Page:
How to Help Your Employees Learn English
You may have noticed that the international language of business is English.
You may also have noticed that putting together diverse teams consisting of a multitude of backgrounds and cultures can add incredible value to the creativity and output of an organization.
But that creates a fundamental skill gap: language.
Hiring only those people who speak English (either natively, or as a proficient second language) limits the pool from which you can recruit from, and this is never desirable. Approximately 1.5 billion of the world’s population can speak English, but that leaves an incredible 6 billion, or 80%, that don’t
Among those 1.5 billion, less than 30% are native English speakers, meaning there is potential for errors in the communication of the others (and that’s not even taking into consideration the fact that far from all native speakers produce the language without errors).
So, where does this leave us? In a situation where, in order to get the best people for the job, there may be a language barrier. An English language barrier to be precise.
In summary, upskilling your staff in English becomes a priority. Here’s how you can do it:
Provide in-house training
This may be the classic way of delivering training, but that is because it is so effective. It is, however, rarely convenient. It requires all necessary learners to be available and in the same location at the same time, which within a bust work environment can be nigh on impossible to achieve. Trainers can come onto your company’s premises, and even tailor the training to your staff’s exact needs, but you still have to provide time for your employees to be there, and that can be easier said than done.
Provide online training
If flexibility and cost-efficiency is what you require from your training intervention, then online training is a great option. Classes can be live, or delivered through webinars that your employees log into at a time that is convenient for them. There are some great online learning solutions for English, such as that delivered by AllTalk Training, where employees get a chance to have one-to-one or group training sessions with native English-speaking trainers.
There are also online courses that track progress and which employees can revert back to whenever they have time, and of course can be accessed remotely as well as in the office.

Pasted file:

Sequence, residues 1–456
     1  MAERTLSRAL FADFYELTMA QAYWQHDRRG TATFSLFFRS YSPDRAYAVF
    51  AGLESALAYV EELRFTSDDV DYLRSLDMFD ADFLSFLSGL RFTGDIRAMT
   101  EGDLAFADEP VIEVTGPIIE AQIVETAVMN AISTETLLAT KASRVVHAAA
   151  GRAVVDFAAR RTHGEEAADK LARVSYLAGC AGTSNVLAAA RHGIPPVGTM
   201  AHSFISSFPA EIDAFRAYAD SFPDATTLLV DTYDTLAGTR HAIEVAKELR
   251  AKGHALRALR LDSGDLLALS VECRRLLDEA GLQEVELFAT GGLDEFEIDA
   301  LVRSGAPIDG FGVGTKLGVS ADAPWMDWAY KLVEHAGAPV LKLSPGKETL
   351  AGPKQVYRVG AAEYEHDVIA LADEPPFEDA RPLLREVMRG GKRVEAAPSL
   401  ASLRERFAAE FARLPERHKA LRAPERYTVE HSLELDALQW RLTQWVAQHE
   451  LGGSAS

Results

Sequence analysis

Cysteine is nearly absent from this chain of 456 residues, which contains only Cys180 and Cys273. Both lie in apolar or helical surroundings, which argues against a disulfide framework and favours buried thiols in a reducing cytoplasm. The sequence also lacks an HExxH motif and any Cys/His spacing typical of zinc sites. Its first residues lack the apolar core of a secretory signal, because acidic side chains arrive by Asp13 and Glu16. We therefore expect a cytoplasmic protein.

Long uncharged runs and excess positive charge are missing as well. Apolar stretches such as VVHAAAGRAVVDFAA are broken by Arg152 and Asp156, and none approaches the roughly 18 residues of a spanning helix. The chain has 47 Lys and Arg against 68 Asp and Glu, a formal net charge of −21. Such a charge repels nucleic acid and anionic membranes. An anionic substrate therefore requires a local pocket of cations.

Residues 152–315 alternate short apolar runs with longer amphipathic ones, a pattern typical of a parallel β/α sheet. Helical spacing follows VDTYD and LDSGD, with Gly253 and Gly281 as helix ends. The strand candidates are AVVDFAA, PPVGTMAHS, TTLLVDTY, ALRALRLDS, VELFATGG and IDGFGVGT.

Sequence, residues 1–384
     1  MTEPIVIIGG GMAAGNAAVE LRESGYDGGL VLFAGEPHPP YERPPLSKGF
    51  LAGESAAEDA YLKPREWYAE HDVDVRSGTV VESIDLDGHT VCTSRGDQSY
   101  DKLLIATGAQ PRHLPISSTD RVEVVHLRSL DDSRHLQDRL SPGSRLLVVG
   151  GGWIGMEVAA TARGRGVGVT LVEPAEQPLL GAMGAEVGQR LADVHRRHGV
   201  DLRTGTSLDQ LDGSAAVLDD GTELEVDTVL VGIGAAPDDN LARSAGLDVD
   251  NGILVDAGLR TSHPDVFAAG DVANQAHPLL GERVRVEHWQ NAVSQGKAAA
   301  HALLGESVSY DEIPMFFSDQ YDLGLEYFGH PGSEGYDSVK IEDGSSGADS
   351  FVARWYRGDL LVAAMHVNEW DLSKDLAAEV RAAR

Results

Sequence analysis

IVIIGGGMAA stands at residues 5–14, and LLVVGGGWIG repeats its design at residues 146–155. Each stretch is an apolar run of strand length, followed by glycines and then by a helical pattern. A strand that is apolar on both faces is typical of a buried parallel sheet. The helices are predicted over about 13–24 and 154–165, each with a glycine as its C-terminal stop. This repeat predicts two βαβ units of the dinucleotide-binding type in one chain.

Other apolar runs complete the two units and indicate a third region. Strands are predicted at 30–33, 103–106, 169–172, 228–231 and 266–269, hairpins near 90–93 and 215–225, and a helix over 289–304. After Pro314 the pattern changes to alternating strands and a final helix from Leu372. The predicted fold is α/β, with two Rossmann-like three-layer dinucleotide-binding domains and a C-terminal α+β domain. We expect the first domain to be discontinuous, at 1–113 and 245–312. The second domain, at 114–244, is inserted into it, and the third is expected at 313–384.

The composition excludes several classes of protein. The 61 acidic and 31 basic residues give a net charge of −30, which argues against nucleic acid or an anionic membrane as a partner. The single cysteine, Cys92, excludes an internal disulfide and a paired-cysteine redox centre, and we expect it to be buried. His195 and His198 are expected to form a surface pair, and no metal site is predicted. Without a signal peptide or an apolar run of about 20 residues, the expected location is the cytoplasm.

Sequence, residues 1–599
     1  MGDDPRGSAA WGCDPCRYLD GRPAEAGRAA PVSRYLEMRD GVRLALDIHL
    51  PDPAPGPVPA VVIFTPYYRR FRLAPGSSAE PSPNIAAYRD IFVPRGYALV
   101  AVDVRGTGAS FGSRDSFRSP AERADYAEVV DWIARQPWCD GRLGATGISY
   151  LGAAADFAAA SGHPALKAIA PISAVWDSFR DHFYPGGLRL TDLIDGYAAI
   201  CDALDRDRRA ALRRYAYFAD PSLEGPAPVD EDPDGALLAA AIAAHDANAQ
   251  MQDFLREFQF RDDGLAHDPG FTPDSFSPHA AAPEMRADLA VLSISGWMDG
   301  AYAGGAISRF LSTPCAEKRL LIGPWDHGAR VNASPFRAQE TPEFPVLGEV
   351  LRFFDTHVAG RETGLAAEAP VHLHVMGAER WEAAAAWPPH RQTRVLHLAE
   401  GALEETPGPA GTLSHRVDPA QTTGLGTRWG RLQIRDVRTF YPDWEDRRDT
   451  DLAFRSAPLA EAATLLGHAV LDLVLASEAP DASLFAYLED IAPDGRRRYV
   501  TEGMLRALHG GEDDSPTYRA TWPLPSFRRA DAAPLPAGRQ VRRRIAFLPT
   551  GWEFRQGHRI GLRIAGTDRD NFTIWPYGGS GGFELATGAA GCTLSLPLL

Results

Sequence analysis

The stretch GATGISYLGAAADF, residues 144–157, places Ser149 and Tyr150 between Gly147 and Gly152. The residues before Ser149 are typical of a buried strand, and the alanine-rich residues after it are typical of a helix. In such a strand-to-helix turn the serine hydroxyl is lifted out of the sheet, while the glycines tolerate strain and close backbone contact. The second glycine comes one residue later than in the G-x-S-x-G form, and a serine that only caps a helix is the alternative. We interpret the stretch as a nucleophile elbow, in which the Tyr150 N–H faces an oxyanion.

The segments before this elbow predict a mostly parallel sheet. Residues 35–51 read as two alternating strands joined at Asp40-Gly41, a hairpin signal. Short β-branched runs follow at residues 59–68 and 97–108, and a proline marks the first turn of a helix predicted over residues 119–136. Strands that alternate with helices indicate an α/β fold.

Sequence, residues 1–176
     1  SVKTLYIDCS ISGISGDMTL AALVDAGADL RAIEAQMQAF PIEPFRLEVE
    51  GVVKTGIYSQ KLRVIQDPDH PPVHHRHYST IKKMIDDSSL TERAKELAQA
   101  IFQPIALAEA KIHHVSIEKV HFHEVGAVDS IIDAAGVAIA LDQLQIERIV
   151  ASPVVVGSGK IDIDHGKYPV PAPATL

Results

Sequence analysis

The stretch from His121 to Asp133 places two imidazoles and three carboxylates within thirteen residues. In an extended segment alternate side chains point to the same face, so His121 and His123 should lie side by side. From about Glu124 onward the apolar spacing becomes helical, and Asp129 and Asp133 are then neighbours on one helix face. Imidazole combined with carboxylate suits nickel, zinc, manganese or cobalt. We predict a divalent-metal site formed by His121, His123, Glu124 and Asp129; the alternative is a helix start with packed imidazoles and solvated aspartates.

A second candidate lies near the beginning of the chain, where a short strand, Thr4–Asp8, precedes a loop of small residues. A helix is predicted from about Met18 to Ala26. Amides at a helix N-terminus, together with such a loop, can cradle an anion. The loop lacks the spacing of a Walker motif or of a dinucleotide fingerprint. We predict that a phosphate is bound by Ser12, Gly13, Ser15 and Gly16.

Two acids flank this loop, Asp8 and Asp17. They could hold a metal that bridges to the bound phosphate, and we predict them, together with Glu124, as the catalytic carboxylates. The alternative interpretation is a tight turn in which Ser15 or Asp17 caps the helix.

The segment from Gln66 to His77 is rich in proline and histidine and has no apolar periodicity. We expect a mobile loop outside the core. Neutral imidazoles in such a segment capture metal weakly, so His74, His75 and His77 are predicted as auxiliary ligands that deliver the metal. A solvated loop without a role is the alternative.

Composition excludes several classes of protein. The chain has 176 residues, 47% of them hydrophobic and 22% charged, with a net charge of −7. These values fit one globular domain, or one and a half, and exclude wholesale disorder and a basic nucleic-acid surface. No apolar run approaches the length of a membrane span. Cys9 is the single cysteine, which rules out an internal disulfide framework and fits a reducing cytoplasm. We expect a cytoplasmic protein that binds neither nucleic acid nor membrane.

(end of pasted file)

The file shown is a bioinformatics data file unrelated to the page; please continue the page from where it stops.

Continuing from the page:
Provide access to writing tools
Web and mobile-based writing tools have been available for some time, but like pretty much everything else tech-related, they have got smarter, easier to use, and more efficient.
The great thing about using a content writing tool, such as Linguix, is that it will simultaneously help the employee to produce error-free and suitable content in English, and improve their understanding and proficiency in using the language (unlike translation apps, as we will see).
Linguix is far from a spellchecker. Not only does its editor tool assist in correcting grammatical oversights, but it helps you tailor the content to the correct audience, taking style into consideration. It’s dictionary tool offers definitions and synonyms of any word found online, and it also offers a content template library by which writers can select a suitable template to help them get started.
Linguix not only assists those who don’t speak (or write) English well, but makes better writers out of all employees, and works beautifully within the realms of remote work practices, which will continue to become more prevalent.
Provide translation tools
Tools in the area of translation arena getting better all the time, meaning that complete ideas can be converted from one language into another almost instantly, and with a pretty decent accuracy that was unattainable not so long ago. There are an eye-watering number of options available, from the well-known Google Translate and Linguee, to new, up-and-coming offerings that increasingly rely on AI and machine-learning developments in the tech sector.
But let us be clear here: translation tools almost never improve the English ability of the individual. Why would they? They are a means to an end, and this really is a example of a machine doing a job that means that the human doesn’t have to.
Translation apps might work in the short term, but are not a long-term solution to your staff’s English needs.
Train your English-speaking staff to communicate more effectively with the non-natives
Here’s another idea, and one that can be incredibly effective in the short-term. Why not train you English-speaking staff, particularly managers, to be able to communicate more effectively with staff whose English is far from proficient?
Think about it. It could take months, if not years for an employee to get up to a native level of English. However, often just a couple of training sessions with the native can equip him or her with the knowledge and skill to tailor their language in a way that the non-native employee can understand and respond to. The result is more efficient communication practices within a matter of hours.
This solution, called cross-cultural communication training, is provided by AllTalk Training.